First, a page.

But Maria Merian - now she was really something. Schiebinger devotes over 10 pages to Merian. She was born in 1647, the daughter of an artist and engraver. She trained at home in art, and Schiebinger says this is what gave her her entree to science. Observation and illustration were common roles for women in early modern science, and Merian excelled at both. In 1679, she published Wonderful Metamorphosis and Special Nourishment of Caterpillars. In 1699, when she was 52, Merian traveled to Surinam with one of her daughters to pursue her insect research. Her unusual contribution was to sketch insects in all stages of metamorphosis and with the plants and fruits they fed upon. This work was published in Metamorphosis insectorum Surinamensium.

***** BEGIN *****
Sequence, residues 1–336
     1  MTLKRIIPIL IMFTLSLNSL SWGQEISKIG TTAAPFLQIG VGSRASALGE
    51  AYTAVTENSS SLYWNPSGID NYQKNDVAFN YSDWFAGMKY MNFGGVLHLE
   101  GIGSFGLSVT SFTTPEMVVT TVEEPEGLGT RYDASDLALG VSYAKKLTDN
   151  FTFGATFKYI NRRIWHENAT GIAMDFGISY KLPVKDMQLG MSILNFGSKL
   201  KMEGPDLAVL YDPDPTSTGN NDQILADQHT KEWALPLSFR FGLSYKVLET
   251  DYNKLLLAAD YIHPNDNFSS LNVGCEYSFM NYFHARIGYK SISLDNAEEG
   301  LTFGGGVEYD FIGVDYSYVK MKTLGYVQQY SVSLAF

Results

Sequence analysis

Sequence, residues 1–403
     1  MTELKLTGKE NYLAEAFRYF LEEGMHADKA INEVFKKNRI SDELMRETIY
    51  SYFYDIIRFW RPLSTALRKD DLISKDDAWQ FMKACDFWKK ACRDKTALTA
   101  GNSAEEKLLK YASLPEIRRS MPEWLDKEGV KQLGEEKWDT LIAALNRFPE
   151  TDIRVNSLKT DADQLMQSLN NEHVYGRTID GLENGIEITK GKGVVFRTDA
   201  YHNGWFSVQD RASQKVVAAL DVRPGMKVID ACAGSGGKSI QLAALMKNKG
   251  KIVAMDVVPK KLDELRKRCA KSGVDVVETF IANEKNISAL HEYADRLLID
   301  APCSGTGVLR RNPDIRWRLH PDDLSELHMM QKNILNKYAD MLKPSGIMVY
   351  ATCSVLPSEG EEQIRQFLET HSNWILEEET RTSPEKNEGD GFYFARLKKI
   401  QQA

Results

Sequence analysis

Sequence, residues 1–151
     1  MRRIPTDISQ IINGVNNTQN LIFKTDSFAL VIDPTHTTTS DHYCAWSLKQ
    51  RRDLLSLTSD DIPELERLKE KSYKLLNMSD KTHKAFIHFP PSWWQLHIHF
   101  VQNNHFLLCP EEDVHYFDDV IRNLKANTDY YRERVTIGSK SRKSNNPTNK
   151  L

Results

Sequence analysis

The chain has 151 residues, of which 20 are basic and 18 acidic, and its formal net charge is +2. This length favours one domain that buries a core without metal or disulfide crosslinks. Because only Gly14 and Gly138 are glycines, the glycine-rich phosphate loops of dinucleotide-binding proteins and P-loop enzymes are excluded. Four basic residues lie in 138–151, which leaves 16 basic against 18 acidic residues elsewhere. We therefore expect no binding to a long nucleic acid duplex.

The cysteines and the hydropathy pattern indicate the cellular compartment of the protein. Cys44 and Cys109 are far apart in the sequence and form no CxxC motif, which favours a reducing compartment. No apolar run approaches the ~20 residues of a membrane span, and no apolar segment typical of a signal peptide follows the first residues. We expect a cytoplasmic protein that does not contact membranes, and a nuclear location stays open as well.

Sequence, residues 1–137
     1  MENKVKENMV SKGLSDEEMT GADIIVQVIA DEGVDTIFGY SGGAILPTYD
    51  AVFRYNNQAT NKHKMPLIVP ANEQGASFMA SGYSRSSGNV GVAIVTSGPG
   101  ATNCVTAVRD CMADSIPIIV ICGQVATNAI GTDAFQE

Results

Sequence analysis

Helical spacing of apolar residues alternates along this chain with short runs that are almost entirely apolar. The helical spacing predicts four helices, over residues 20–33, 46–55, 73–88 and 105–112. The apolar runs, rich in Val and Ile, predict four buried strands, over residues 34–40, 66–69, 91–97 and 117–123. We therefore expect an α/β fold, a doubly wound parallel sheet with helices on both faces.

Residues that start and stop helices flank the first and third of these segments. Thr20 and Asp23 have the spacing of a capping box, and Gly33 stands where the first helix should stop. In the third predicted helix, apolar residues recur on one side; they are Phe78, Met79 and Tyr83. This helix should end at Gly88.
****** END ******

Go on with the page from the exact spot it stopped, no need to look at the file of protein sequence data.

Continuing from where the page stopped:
Schiebinger notes that Merian "financed her own research and scientific projects" and that "six plants, nine butterflies, and two beetles are named for her". In the 19th century, her work came under attack because she had paid attention to and recorded the knowledge of indigenous peoples in her books. For this, she was criticized for a lack of scientific exactitude. Another critic claimed her work was only popular because it was so "showy". Hah. It is good to see Todd's book bringing recognition back to Merian.
Schiebinger says that we should not think of Merian as an "exceptional" woman.
It would be a mistake to think that Maria Merian was merely an exceptional woman who, defying convention, made her mark on science. Merian's life and career may have been exceptional but it was not unusual; Merian did not forge a new path for women as much as take advantage of routes already open to women. She emerged from the artisanal workshop, where it was not uncommon for women to engage in various aspects of production, and her ties to craft traditions facilitated her contribution to science.